Hello @NikeDattani
 
@Wesley Hi!
 
I am quite the novice at hardware.
and administration of it
 
Okay, so typically when people say "3 nodes" they mean a supercomputer containing 3 nodes (so they are connected by OmniPath or Infiniband, which are extremely expensive, or by ethernet, which is extremely slow for this type of purpose ... in fact the Compute Canada national clusters that are connected via ethernet, are set up by the admins in such a way that they don't even allow you to run MPI jobs on more than one node ... so it's "effectively" 3 separate workstations).
 
Gotcha, I would never need a single job to be split across a node or workstation
I would not want to have to log in manually to 3+ workstations though, also, fellow colleagues need to be able to use the setup from their own computers, at a later stage
I will be creating a workflow, that once proven, is meant to be used by others
 
6:11 PM
Since you say you're a novice to the administration of it, I will warn you that setting up a scheduler and maintaining it (software updates, etc.), is not typically a maneuver for a novice at sys-admin. However, doing it yourself will be valuable in terms of you learning a lot more about how schedulers work and stuff, and once you do get it working, it does have some benefits (and drawbacks.... for example a schedule setup by an amateur once, for a lab at which I used to work,
was set up in such a way that the entire cluster of nodes crashed suddenly one day because someone sent too many jobs to the scheduler at once. A professor had several month-long calculations crash, which had to be re-started from scratch, which infuriated him.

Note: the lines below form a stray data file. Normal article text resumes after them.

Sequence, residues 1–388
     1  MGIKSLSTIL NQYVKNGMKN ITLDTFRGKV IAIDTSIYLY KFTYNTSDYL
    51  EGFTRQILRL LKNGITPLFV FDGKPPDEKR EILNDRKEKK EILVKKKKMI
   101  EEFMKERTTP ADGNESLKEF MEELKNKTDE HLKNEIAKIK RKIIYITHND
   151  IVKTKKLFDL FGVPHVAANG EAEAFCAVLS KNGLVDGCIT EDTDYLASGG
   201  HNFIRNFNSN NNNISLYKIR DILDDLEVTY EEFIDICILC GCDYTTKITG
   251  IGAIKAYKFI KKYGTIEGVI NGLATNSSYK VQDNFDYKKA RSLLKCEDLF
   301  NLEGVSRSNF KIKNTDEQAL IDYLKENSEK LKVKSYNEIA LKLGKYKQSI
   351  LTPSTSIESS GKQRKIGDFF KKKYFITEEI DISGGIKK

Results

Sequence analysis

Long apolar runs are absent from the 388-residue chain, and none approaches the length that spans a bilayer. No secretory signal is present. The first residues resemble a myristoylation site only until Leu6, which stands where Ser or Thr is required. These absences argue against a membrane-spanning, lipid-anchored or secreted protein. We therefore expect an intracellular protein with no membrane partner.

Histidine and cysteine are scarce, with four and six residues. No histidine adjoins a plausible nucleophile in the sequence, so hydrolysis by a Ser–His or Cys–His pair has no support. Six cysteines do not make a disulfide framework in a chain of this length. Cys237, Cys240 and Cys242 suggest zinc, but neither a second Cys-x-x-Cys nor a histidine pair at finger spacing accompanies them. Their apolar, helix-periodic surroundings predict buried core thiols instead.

That is my worry. I am not sure how good a default linux destro would handle scheduling
I have lots of experience using SLURM, but using and administering are totally different
Quantum Mobile is appealing to me for this because it comes with SLURM ready to go
 
The user that submitted the large number of jobs, had asked the amateur who set up the scheduler, to put a limit on his job submissions so that he couldn't send more than 80 jobs at a time (because his script would generate 30,000 jobs at once, and that's too much for the scheduler to handle let alone the hardware). The amateur sys-admin said he ran the appropriate commands to limit the jobs, and the user ran the script, but the job submission did not stop at 80 and the 30,000 jobs
entered the scheduler, causing the head node (running the scheduler) to crash, along with all jobs running!
May I ask which country you're in? It sounds like you'll have an entire group submitting jobs, which gets to the stage where sys-admin can start to chew up a lot of your time that you'd ideally be spending on research and other things. Depending on your country, this thread might help you:
39
Q: Supercomputers around the world

ThomasFor a matter modelling person, the most valuable resource is computing power. For many of us, computing power at hand limits the scale of problems we can solve. There are many national supercomputing facilities for academics. What are the resources available in each country?

Also this one:
9
Q: Supercomputers around the world, which allow access for researchers outside the country

Anibal BezerraIn a previous question it has been shown the computation capabilities of the countries all over the world. However, if I didn't miss something, the use of such supercomputers is limited to researchers within the country. Is there any supercomputer that can be used for foreign researchers?

Now I fully appreciate that these national systems also have their own inconveniences, but the balance between those inconveniences and the ones associated with running your own system entirely, is not a trivial one.
 
I am in canada, it is a small company, I will do most of the jobs, but at some point, I will have scripts for everything and I will be able to let others run their own jobs. I will then move on to developing other workflows